With the growing use of dating apps, Kaspersky Lab and research firm B2B International recently conducted a survey and found that as many as one-in-three people are dating online. And they share information with others too easily while doing so.
A quarter (25 per cent) admitted that they share their full name publicly on their dating profile.
One-in-10 have shared their home address.
The same number have shared naked photos of themselves this way, exposing them to risk.
But how carefully do these apps handle such data?
Kaspersky Lab, a global cybersecurity company, experts studied the most popular mobile online dating apps (Tinder, Bumble, OkCupid, Badoo, Mamba, Zoosk, Happn, WeChat, Paktor), and identified the main threats for users.
They informed the developers in advance about all the vulnerabilities detected, and by the time this report was released some had already been fixed, and others were slated for correction in the near future. However, not every developer promised to patch all of the flaws.
Threat 1: Who you are?
The researchers discovered that four of the nine apps they investigated allowed potential criminals to figure out who’s hiding behind a nickname based on data provided by users themselves.
For example, Tinder, Happn, and Bumble let anyone see a user’s specified place of work or study. Using this information, it’s possible to find their social media accounts and discover their real names.
Happn, in particular, uses Facebook accounts for data exchange with the server. With minimal effort, anyone can find out the names and surnames of Happn users and other info from their Facebook profiles.
Threat 2: Where are you?
If someone wants to know your whereabouts, six of the nine apps will lend a hand.
Only OkCupid, Bumble, and Badoo keep user location data under lock and key. All of the other apps indicate the distance between you and the person you’re interested in.
By moving around and logging data about the distance between the two of you, it’s easy to determine the exact location of the “prey.”
Threat 3: Unprotected data transfer
Most apps transfer data to the server over an SSL-encrypted channel, but there are exceptions.
As the researchers found out, one of the most insecure apps in this respect is Mamba. The analytics module used in the Android version does not encrypt data about the device (model, serial number, etc), and the iOS version connects to the server over HTTP and transfers all data unencrypted (and thus unprotected), messages included.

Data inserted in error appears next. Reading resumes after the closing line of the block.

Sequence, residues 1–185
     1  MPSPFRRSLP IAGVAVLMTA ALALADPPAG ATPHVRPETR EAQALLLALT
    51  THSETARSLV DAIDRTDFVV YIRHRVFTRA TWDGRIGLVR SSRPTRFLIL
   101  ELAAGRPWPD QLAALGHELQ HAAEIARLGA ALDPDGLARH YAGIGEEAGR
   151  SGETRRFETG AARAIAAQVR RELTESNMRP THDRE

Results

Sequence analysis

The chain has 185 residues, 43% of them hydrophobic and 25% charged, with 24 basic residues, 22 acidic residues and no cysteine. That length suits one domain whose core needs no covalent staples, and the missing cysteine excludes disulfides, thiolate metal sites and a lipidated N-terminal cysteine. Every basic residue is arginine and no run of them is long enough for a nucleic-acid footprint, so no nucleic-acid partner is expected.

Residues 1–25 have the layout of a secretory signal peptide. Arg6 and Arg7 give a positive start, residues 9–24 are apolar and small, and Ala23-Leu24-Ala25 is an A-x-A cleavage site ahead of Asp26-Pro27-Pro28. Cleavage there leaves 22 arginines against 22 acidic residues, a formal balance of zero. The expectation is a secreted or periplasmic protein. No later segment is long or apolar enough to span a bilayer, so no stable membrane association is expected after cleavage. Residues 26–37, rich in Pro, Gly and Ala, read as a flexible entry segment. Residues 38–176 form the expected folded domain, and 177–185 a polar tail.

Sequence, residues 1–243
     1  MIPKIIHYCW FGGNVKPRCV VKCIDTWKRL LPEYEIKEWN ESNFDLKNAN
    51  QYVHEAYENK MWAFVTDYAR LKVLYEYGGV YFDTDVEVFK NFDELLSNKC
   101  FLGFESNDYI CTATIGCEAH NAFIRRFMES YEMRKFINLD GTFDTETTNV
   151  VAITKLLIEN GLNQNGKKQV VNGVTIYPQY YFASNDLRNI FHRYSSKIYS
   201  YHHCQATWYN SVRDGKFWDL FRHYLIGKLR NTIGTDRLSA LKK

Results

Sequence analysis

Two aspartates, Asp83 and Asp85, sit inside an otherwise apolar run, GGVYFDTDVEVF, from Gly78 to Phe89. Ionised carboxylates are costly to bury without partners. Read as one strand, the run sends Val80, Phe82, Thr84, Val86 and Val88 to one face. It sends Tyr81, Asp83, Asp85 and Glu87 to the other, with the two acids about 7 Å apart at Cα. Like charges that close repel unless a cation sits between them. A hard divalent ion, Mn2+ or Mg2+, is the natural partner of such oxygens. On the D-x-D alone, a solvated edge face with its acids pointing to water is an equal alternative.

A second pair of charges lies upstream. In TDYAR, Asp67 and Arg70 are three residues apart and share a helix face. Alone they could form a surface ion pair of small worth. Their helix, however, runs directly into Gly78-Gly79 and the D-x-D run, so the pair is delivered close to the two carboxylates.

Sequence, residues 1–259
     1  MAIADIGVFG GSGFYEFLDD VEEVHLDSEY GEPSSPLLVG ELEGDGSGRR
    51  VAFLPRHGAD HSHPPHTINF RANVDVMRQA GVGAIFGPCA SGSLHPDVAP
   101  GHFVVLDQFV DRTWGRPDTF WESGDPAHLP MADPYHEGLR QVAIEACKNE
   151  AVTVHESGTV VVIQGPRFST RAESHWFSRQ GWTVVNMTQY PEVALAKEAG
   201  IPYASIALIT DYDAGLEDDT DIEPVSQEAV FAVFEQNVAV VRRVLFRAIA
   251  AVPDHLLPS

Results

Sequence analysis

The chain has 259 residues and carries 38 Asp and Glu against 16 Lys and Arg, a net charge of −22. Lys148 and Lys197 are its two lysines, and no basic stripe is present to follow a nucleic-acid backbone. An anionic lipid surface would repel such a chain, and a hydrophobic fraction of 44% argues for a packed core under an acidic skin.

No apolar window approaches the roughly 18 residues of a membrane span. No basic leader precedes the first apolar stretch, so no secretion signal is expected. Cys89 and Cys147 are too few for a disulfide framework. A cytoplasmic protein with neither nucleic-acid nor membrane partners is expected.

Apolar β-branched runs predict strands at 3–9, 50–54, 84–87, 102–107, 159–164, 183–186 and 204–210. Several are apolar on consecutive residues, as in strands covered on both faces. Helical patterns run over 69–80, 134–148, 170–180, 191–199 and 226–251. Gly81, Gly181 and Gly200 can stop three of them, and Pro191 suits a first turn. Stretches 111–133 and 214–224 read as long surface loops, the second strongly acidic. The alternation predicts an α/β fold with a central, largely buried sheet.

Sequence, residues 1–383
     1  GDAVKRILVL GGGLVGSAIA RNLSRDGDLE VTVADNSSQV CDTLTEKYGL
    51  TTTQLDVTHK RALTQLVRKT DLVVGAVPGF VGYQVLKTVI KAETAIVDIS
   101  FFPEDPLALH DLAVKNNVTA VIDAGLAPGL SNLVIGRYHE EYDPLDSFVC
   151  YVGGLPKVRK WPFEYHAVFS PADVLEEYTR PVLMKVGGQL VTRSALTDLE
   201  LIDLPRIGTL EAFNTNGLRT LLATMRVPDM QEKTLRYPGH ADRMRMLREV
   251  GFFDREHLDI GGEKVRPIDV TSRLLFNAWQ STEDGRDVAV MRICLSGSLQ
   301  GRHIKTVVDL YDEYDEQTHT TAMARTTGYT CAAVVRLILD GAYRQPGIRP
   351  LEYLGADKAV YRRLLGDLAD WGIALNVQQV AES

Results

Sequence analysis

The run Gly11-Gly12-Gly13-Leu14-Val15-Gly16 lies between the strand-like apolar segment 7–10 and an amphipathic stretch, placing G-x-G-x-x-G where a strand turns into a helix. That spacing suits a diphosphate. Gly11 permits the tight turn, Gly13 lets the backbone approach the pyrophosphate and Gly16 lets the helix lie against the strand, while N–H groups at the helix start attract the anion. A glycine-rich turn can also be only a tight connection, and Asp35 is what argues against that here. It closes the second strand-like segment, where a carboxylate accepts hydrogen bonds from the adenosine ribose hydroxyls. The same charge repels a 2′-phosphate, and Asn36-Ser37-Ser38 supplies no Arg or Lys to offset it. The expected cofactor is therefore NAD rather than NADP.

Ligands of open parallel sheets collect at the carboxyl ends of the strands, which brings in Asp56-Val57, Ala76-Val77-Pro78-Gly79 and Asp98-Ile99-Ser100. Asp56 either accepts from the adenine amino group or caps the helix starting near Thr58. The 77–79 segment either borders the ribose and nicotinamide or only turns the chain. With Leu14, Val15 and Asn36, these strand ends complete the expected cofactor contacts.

Such data is not only viewable, but also modifiable. For example, it’s possible for a third party to change “How’s it going?” into a request for money.
Threat 4: Man-in-the-middle (MITM) attack
Almost all online dating app servers use the HTTPS protocol, which means that, by checking certificate authenticity, one can shield against MITM attacks, in which the victim’s traffic passes through a rogue server on its way to the bona fide one.
The researchers installed a fake certificate to find out if the apps would check its authenticity; if they didn’t, they were in effect facilitating spying on other people’s traffic. It turned out that most apps (five out of nine) are vulnerable to MITM attacks because they do not verify the authenticity of certificates.
Threat 5: Superuser rights
Regardless of the exact kind of data the app stores on the device, such data can be accessed with superuser rights. This concerns only Android-based devices; malware able to gain root access in iOS is a rarity.
The result of the analysis is less than encouraging: Eight of the nine applications for Android are ready to provide too much information to cybercriminals with superuser access rights. As such, the researchers were able to get authorization tokens for social media from almost all of the apps in question. The credentials were encrypted, but the decryption key was easily extractable from the app itself.
Tinder, Bumble, OkCupid, Badoo, Happn, and Paktor all store messaging history and photos of users together with their tokens. Thus, the holder of superuser access privileges can easily access confidential information.
The study showed that many dating apps do not handle users’ sensitive data with sufficient care.
However, there is no reason not to use such services as long as you understand the issues and, where possible, minimize the risks.
DosUse a VPN
Install security solutions on all of your devices
Share information with strangers only on a need-to-know basis
Adding your social media accounts to your public profile in a dating app; giving your real name, surname, place of work
Disclosing your e-mail address, be it your personal or work e-mail
Using dating sites on unprotected Wi-Fi networks